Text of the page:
'Satwik and I can win a medal at 2020 Tokyo Olympics,' says Chirag Shetty
Two quarter-final appearances in the Superseries circuit in their debut season last year, and a semi-final appearance in their first tournament of 2018, Chirag Shetty and Satwiksairaj Rankireddy have been on a roll.
But it has never been easy for them, especially for Chirag, who started playing from a very young age at a local club and then joined an academy under Manish Hadkar at the age of seven. That's when his badminton career really took flight.
Tough decisions from an early age
When Chirag was 11 or 12 years old, his coach, who had shifted to Uday Pawar's badminton academy, asked him to join them. It was a difficult decision for the young boy. If he wanted to pursue badminton as a profession, then making the switch would have been the obvious choice.
But at that age, no one can be entirely sure of what he or she wants to do for a living. It would also drastically affect one's education because picking up a sport in India as a profession is often met with glares and snide remarks.
However, Chirag had set his mind. "I knew it would affect my education, and somewhat, it did. But I had made up my mind... I wanted to play badminton.
"It's difficult to manage both, badminton and education, but somehow I figured out a way to manage both and yeah, it's been going good so far," he said.
There have been so many instances of talented young Indian athletes giving up on their dreams owing to lack of support from their parents. But that was not the case for Chirag, even after he opted to take up commerce instead of science.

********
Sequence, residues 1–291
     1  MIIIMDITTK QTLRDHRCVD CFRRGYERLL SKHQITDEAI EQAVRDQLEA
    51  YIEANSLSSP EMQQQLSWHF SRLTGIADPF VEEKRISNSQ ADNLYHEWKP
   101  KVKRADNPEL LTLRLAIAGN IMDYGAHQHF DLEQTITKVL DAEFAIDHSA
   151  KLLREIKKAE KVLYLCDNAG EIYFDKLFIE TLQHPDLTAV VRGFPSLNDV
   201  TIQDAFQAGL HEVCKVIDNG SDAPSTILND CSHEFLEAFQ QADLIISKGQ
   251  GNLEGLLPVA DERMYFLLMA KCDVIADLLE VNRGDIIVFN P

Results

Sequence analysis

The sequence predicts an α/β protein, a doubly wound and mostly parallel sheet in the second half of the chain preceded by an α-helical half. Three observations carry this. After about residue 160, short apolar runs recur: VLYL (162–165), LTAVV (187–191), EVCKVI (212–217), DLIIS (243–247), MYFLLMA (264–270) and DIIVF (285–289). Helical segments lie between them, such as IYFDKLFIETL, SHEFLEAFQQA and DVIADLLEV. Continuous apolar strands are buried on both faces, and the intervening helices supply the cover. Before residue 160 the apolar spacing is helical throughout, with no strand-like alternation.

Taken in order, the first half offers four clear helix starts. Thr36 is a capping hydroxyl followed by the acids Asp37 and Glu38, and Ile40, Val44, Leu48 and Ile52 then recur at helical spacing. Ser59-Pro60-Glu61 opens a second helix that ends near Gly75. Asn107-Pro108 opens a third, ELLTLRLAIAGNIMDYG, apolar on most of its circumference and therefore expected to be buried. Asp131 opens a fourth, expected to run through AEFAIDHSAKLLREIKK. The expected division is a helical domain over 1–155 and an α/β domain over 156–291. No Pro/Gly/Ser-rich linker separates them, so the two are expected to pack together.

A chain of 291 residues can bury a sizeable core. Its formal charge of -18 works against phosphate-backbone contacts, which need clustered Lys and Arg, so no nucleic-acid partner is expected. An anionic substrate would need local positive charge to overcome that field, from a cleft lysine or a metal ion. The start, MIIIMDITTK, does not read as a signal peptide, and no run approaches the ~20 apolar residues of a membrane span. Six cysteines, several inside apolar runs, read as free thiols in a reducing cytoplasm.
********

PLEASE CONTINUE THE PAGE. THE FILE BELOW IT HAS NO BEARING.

"After class 10, I had to make a choice. If I wanted to take science, I had to leave badminton because playing a sport and pursuing science at the same time is not possible. I chose commerce as I wanted to pursue what I loved.
"My parents supported me throughout. They have really helped me a lot because taking up a sport, any sport, as a profession in India is very difficult. You need complete support of your parents, and yeah, they were always behind me," the 20-year-old said.
Chirag was playing both singles and doubles until U-19 but then he had to choose one of the two. From the very beginning, he was more inclined to doubles and also, since he was performing well in doubles he voluntarily decided to opt for it.
He may be just 20 years of age but Chirag's maturity goes way beyond that and taking such tough decisions from an early age definitely had some positive effect on his growth.
Beating the world's bests alongside Satwik